"What shall I do to my vineyard?" [Isa. v.] said God. "Auferam sepem ejus:--I will take away the hedge:" that is, "custodiam angelorum," saith the gloss,--'the custody of their angel guardians.' And God says, "Manasseh humeros suos comedit: [Isa. ix.]--Manasseh hath devoured his own shoulders:" that is, "gubernatores dimovit," say the doctors, ‘hath removed his governors,’ his princes, and his priests.  It is a sad complaint 'tis true, but what it means is the question. But although these senses are pious, and may be used for illustration and the prettiness of discourse, yet there is no further certainty in them than what the one fancies, and the other is pleased to allow. But if the spiritual sense be proved evident and certain, then it is of the same efficacy as the literal; for it is according to that letter by which God's Holy Spirit was pleased to signify his meaning, and it matters not how he is pleased to speak, so we understand his meaning. And, in this sense, that is true which is affirmed by St. Gregory: “Allegoriam interdum redificare fidem:--sometimes our faith is built up by the mystical words of the Spirit of God.”  But because it seldom happens that they can be proved, therefore you are not to feed your flocks with such herbs whose virtue you know not, of whose wholesomeness or powers of nourishing you are wholly, or for the most part, ignorant. We have seen and felt the mischief, and sometimes derided the absurdity. "God created the sun and the moon," said Moses; that is, said the extravagants of Pope Bonifice VIII., ‘the pope and the emperor.’  And "Behold, here are two swords," said St. Peter: "It is enough," said Christ; enough for St. Peter; and so he got the two swords, the temporal and spiritual, said the gloss upon that text.  Of these things there is no beginning and no end, no certain principles, and no good conclusion.



These are the two ways of expounding all Scriptures; these are as "the two witnesses of God;" by the first of which he does most commonly, and by the latter of which he does sometimes, declare his meaning; and in the discovery of these meanings, the measures which I have now given you are the general land-marks, and are sufficient to guide us from destructive errors. It follows in the next place, that I give you some rules that are more particular, according to my undertaking, that you in your duty, and your charges in the provisions to be made for them, may be more secure. 




1. Although you are to teach your people nothing but what is the word of God, yet by this word I understand all that God spake expressly, and all that by certain consequence can be deduced from it. Thus Dionysius Alexandrinus argues, egnwn oti Uiov cai logov ou xenov an eih thv ousiav tou Patrov --'He that in Scripture is called the Son and the Word of the Father, I conclude he is no stranger to the essence of the Father.' And St. Ambrose derided them that called for express Scripture for omoousiov, since the prophets and the gospels acknowledge the unity of substance in the Father and the Son; and we easily conclude the Holy Ghost to be God, because we call upon him; and we call upon him because we believe in him; and we believe in him because we are baptized into the faith and profession of the Holy Ghost. This way of teaching our blessed Saviour used, when he confuted the Sadducees, in the question of the resurrection; and thus he confuted the Pharisees, in the question of his being the Son of God. [John x. 37.]  The use I make of it is this, that right reason is so far from being an exile from the inquiries of religion, that it is the great ensurance of many propositions of faith; and we have seen the faith of men strangely alter, but the reason of man can never alter, every rational truth supposing its principles being eternal and unchangeable.  All that is to be done here is to see that you argue well, that your deduction be evident, that your reason be right: for Scripture is to our understandings, as the grace of God to our wills; that instructs our reason, and this helps our wills; and we may as well choose the things of God without our wills, and delight in them without love, as understand the Scriptures or make use of them without reason.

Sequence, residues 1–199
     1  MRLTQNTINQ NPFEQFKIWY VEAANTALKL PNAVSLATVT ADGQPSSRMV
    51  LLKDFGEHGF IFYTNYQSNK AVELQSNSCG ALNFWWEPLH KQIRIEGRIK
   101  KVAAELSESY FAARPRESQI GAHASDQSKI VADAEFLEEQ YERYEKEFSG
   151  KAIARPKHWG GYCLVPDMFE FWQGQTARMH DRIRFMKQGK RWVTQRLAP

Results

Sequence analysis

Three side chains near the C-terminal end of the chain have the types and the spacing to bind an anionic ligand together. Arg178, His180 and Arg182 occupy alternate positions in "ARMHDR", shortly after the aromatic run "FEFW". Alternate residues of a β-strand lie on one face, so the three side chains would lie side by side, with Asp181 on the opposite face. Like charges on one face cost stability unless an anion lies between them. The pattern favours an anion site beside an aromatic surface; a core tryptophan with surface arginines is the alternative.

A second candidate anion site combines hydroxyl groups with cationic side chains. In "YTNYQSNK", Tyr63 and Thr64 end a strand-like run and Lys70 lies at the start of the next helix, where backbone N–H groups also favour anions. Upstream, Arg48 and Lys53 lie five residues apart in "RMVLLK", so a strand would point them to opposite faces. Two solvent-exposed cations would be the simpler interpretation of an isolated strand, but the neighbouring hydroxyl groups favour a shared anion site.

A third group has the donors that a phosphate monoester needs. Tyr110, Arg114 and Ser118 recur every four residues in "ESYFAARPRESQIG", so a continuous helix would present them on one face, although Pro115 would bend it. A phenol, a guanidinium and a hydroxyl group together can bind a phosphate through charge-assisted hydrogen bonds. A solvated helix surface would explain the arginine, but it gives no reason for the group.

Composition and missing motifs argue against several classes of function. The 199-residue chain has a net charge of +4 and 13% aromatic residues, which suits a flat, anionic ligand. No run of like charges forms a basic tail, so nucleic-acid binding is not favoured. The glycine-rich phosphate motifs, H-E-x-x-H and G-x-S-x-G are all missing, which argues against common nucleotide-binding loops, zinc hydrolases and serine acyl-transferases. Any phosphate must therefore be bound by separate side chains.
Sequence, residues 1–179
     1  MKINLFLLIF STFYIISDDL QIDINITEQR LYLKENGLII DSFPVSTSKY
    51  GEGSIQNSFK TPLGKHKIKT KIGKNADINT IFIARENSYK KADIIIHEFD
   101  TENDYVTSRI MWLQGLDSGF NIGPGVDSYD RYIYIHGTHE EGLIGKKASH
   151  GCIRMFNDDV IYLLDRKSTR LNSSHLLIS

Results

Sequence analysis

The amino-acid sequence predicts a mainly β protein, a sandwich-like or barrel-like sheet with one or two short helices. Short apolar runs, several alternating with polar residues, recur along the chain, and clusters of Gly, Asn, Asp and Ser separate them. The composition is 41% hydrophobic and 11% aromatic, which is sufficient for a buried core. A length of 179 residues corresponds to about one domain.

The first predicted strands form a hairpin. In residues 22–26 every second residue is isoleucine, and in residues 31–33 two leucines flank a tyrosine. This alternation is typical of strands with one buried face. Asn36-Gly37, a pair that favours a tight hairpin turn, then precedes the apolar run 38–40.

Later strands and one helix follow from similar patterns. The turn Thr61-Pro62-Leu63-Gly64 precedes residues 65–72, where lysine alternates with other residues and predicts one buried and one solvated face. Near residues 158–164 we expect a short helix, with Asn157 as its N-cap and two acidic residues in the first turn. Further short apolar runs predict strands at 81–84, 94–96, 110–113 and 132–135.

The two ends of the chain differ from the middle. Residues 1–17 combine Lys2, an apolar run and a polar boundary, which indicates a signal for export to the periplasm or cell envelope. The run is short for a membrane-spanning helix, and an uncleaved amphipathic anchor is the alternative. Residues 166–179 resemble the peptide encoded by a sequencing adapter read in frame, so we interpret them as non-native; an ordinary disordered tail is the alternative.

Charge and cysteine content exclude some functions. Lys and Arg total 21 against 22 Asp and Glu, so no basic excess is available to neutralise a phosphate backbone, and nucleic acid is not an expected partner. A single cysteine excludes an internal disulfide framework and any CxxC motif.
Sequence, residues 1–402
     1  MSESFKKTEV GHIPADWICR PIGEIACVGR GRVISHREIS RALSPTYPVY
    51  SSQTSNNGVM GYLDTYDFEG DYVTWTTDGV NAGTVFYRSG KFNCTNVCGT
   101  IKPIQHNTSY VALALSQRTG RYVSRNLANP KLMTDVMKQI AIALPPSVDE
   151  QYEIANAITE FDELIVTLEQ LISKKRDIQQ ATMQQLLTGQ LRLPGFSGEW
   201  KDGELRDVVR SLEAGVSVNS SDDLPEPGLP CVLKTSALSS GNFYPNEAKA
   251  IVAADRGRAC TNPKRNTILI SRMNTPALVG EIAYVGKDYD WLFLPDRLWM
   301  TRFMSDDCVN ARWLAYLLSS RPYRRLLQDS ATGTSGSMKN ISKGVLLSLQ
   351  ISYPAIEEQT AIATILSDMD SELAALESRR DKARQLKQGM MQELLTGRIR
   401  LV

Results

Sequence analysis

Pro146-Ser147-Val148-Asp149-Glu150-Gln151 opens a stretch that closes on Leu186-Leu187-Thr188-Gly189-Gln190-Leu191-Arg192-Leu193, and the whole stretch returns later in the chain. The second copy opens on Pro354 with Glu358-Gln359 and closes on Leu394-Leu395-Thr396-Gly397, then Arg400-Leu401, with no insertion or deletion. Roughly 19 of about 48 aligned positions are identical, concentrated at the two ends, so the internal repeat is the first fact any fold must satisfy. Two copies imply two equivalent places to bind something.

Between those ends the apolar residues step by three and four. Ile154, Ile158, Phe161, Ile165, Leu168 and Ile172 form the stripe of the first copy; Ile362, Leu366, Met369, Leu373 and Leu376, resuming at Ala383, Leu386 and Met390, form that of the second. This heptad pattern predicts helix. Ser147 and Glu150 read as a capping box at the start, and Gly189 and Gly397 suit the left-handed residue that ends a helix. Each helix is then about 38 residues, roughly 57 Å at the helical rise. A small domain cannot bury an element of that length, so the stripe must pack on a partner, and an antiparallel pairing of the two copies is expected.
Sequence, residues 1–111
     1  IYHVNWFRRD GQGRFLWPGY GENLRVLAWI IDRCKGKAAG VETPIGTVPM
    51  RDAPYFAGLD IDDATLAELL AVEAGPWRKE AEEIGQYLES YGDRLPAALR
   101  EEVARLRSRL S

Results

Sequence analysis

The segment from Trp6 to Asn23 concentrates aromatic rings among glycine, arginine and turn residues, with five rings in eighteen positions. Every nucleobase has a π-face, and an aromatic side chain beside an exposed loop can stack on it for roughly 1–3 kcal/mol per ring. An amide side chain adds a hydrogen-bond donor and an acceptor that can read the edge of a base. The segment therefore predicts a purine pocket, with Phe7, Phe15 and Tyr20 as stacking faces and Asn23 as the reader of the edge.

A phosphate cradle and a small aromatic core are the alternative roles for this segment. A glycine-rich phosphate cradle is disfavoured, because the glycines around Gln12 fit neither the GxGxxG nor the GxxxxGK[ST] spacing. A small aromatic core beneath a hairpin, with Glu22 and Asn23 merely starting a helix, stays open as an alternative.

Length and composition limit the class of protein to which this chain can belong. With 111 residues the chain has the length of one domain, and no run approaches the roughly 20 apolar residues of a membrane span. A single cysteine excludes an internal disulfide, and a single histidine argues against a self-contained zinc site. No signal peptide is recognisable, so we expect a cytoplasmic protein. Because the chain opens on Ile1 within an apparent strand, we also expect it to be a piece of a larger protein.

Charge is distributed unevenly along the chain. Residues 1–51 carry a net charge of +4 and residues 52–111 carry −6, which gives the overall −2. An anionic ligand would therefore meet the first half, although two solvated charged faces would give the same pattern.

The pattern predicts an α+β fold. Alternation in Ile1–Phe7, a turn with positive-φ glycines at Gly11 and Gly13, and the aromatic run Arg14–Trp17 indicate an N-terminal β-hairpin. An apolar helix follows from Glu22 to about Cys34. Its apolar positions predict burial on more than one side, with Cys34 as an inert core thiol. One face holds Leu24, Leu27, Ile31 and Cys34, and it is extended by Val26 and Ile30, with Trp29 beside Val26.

Quest. But how shall our reason be guided that it may be right, that it be not a blind guide, but direct us to the place where the star appears, and point us to the very house where the babe lieth, that we may indeed do as the wise men did? To this I answer: